The List: Part 4


For our new readers, you might want to visit our first three blog entries on The List. Basically, what we are hoping to do in this listing project is to acknowledge the Igorots who made us proud because of their achievements. Through their work, they have presented a positive image of Igorots and helped erase some of the negative stereotypes associated with us as a people. By honoring them, we hope that more Igorots will be encouraged to likewise excel in whatever endeavor they are in.


1. Nobel Peace Price Nominee. Zenaida Brigida Hamada-Pawid is one of the 1000 women peace advocates worldwide who were nominated collectively for the 2005 Nobel Peace Prize. Bridget has been, and continues to be, very active in peace work with Cordillera non-government organizations. She was also a member of the government peace panel which negotiated with the Communist Party of the Philippines during the administration of President Fidel Ramos. More about Bridget here.

2. Accomplished academic. Kate Cholipas Botengan (PhD in Education) is an accomplished Igorot academic whose list her achievements include: writing the book, Bontoc Life-Ways: a Study in Education and Culture; obtaining degrees from Columbia University and post-doctoral certificates from Harvard University and Unesco (in Paris), and serving as Commisioner for the Commission on Higher Education (CHED) from 1994-2000. Dr. Botengan now serves as the Vice President for Academic Affairs of the Lyceum of the Philippines.

3. Ecumenical Leader. Bishop Robert Longid of the Episcopal Church was a leading figure in promoting ecumenism both in the Philippines and abroad. He was also an advocate for peace and justice and worked to promote the concerns of the poor and marginalized peoples. More about him here.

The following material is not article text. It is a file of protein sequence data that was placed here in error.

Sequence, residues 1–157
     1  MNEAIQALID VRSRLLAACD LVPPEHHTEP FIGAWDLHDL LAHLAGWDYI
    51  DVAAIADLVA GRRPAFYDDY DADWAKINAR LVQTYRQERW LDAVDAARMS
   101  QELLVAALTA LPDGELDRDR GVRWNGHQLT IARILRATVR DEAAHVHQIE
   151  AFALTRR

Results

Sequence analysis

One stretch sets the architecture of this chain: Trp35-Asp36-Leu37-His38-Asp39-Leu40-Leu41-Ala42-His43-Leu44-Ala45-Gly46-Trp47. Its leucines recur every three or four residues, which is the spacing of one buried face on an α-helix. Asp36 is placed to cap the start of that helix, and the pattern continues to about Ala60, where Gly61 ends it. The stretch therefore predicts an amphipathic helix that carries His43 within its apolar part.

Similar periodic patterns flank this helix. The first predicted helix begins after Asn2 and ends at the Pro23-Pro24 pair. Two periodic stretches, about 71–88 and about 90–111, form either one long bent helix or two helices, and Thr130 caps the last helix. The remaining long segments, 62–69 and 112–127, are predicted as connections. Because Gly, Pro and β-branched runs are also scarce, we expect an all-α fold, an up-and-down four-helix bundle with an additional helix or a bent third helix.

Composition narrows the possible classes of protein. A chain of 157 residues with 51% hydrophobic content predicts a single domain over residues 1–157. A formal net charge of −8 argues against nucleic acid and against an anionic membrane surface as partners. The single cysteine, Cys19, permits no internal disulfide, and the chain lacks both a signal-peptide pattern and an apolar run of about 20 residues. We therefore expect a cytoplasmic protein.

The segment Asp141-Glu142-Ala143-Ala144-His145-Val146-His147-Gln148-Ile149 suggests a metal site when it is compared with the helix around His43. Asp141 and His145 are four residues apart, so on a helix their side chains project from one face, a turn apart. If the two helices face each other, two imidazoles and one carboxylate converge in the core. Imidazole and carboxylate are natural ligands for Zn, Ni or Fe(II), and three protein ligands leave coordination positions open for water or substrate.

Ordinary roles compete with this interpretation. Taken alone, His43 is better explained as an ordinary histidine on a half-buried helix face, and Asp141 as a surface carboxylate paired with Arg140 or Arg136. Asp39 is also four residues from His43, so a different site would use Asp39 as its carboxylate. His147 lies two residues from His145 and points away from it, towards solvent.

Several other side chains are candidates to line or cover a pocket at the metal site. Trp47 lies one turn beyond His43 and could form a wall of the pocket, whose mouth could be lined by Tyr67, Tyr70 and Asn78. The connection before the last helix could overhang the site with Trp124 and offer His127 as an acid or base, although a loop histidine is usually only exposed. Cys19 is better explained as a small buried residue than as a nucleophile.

4. Sydney Paralympics Bronze Medalist. Wheelchair-bound Adeline Dumapong gave the Philippines its only medal in the 2000 Sydney Paralympic Games when she lifted 110 kilograms to win the bronze in the women’s 82.5-kilogram division. She also won gold medals in the ASEAN Para Games and holds the Southeast Asian record (117.5 kgs.) in her event. More about Angeline here and here. For those who speak Spanish, there’s a full feature on Angeline on this site. Maybe you should translate it for us 🙂

5. Kali champion. Daniel Foronda is renowned in the world of Filipino martial arts. He is also the president of the Philippine Federation of Pankration. For the uninitiated like myself, pankration means freestyle fighting. Raised in Manila, Foronda has popularized the indigenous fighting style of dumog and boltong. An interesting article on Foronda’s fight at the Universal Reality Combat Championship where he won over his opponent can be found here. You can also read more about him here and here.

6. World boxing title holder. From February to August 2001, Ricky Gayamo held the crown in the bantamweight division of the World Boxing Council (WBC) International. His overall boxing record (25 wins, 10 knockouts; 17 losses; 2 draws) may not look impressive but nothing beats a world title. Read an interesting article about Gayamo’s fight in Japan here. It’s interesting (actually embarrassing) because his Igorot companions abandoned him and disappeared (nag TNT ang mga loko). Natalo tuloy ang ating bida.

7. Philippine boxing champion. Bernabe Aliping held the national lightweight title several times from 1988 to 1992. His overall boxing record: 28 wins (10 ko’s); 13 losses; one draw. You can find a list of his fights here.

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